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Author Topic: Variable 5V input ...help  (Read 1198 times)
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Brisbane, Australia
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It looks like it will work!
That's always a relief  smiley-wink  But read on and you'll see why I'm glad you think so!
Dont know why but when I have the board hooked up Led #2 & 11 are not lighting up? and to get the progression of lights we just have to change "i==" line?
Actually that's entirely my fault.  I changed everything but the remapping of count, which still has the old range.  Make it instead:
Code:
  int count = map(val, 0, 1023, 2, 11);
...and that should work a little better than before.

All the best with your test,
Geoff
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Hi Geoff,
Well after putting it on three differant cars...no good smiley-evil I guess there is other comunication going on that circuit, that my DVOM just doesnt see.
So  guess i am back to make a seperat reostat for the input.
That is unless you can think of something more to try.

Linc
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Well after putting it on three differant cars...no good smiley-evil I guess there is other comunication going on that circuit, that my DVOM just doesnt see.
That's a real shame.  In the case of the brake pedal I don't understand why it might be more complex than a switch - what does your multimeter tell you ?

On the accelerator I'm not at all surprised, especially if it's a newer car.  Don't know if you've seen articles like this one http://www.instructables.com/id/Hacking-Automotive-Ultrasonic-Sensors/ which talk about all the cool traffic going on inside a GM vehicle on what appears to be a very busy serial data bus. I'd not expected there to be a point-to-point analog circuit to the engine management if it's a newer vehicle (sorry don't know the cars you mention above). 

Some kind of reostat, rotary encoder etc might be in order to step outside the car's systems, agreed.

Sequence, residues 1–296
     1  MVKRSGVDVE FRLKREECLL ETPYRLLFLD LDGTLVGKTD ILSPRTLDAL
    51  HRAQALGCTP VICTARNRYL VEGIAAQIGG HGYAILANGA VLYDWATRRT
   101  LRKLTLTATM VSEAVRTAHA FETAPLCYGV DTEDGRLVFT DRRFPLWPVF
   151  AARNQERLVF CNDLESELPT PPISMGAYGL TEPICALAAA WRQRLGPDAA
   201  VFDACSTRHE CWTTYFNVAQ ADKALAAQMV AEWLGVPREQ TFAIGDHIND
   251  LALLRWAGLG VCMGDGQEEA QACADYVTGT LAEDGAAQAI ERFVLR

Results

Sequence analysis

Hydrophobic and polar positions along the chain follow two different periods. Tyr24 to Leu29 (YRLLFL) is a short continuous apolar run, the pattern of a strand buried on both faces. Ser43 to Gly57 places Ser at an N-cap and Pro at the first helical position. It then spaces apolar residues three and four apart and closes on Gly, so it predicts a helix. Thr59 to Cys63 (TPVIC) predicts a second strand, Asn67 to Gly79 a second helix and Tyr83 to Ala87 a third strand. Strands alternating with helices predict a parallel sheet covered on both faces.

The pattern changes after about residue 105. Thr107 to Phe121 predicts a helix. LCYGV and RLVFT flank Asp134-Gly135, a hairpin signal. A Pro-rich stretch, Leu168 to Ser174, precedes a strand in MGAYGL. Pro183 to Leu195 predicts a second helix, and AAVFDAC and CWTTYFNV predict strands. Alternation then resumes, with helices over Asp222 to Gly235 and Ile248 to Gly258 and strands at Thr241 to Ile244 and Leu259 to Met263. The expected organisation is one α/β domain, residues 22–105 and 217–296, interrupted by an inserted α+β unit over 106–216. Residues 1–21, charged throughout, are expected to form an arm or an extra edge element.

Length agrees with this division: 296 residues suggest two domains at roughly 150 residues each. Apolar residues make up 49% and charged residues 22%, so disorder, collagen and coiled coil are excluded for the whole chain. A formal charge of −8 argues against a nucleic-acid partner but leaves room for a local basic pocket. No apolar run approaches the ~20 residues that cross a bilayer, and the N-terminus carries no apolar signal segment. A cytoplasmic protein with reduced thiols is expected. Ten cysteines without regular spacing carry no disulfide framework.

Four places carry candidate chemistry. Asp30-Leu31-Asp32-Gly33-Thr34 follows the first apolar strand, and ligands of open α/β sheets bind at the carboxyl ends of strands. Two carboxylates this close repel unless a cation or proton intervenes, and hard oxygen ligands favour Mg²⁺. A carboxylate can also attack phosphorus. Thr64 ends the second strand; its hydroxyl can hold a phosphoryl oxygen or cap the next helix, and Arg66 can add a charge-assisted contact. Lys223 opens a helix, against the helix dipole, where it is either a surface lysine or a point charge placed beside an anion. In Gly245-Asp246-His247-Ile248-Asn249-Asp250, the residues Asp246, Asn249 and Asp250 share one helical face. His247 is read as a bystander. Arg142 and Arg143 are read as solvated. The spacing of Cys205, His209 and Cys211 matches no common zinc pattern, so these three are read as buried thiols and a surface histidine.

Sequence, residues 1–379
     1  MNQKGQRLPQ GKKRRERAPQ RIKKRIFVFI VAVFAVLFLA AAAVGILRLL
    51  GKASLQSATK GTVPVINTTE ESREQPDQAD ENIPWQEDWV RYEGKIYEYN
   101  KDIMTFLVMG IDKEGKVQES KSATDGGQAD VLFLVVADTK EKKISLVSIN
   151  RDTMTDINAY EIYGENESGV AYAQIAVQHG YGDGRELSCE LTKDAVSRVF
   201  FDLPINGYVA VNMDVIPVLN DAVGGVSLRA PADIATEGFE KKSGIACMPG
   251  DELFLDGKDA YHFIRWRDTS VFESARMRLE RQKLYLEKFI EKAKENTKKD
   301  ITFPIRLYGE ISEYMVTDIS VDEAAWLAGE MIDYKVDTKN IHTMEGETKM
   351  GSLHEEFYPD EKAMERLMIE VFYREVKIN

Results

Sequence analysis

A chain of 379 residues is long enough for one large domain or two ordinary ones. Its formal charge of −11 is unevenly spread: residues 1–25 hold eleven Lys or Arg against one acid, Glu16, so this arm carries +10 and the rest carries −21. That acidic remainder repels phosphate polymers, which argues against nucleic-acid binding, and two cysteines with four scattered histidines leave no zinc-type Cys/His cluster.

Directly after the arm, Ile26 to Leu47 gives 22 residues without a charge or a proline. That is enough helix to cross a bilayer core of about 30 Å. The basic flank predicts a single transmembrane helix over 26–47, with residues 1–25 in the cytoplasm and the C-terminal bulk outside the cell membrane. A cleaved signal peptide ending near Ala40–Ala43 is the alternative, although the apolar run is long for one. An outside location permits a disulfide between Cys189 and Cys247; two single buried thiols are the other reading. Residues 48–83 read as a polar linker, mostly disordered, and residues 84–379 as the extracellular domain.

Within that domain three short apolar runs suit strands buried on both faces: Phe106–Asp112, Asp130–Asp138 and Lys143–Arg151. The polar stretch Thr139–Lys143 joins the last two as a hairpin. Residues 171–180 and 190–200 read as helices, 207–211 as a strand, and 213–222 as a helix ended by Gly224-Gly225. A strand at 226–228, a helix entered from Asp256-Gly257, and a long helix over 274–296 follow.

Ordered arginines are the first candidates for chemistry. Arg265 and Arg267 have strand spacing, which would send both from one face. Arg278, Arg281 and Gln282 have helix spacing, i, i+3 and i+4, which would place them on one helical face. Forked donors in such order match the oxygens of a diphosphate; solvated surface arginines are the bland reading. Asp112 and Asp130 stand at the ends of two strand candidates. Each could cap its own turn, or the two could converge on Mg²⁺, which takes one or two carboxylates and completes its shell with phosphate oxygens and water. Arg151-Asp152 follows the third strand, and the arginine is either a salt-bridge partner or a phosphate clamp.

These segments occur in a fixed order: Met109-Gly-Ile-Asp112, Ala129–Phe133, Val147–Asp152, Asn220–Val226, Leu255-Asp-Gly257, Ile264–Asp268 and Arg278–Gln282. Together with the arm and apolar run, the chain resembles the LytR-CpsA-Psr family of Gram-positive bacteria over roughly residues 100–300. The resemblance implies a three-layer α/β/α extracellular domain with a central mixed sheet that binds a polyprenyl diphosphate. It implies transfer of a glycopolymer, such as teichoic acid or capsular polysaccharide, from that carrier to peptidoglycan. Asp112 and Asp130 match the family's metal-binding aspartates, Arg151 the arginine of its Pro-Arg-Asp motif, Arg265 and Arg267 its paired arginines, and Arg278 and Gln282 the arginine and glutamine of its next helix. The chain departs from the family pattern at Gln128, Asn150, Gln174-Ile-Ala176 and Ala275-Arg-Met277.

Geoff
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Yea I use a lot of GM sensors for other projects I do. I race a 1975 Honda Civic 1200 with fuel injection on it and I have used lots of GM sensors.

I have a friend that is an instructor at the local uni here, I am going to ask him if he could hook up a Honda CRX to see if he can find the frequencies they use for the TPS signal, the car I am working on is a 1988 Honda CRX.

The brake switch is a normal open switch, 12 volts when closed so I will need to go with a voltage divider to bring it down to the 5 volts required. The code…it should be an analog input or digital seeing as how it’s a simple ON/OFF input? Your thoughts…
Or just use the 12 volts,  a resistor and the LED

Linc
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Hi Linc

Scary to find another Hondaphile.  I used to drive an 89 Civic hatch, which over here was closely related to the CR-X.  I couldn't tell you how the throttle was connected.  I do know it was electronically controlled, with vaccuum actuation on dual carbs.  A kind of halfway step to PGM-FI that was just too scary for me to ever pull apart  smiley-eek

I'd have thought for a vehicle of that age the brake pedal would be a simple switch, so yes a voltage divider down to 5V for the Arduino digital input will do the trick.  Using (say) 10k and 15k as your resistor values will get you down to 4.8V which is right in the zone you need.

Sounds like you're well on the way now.
Geoff
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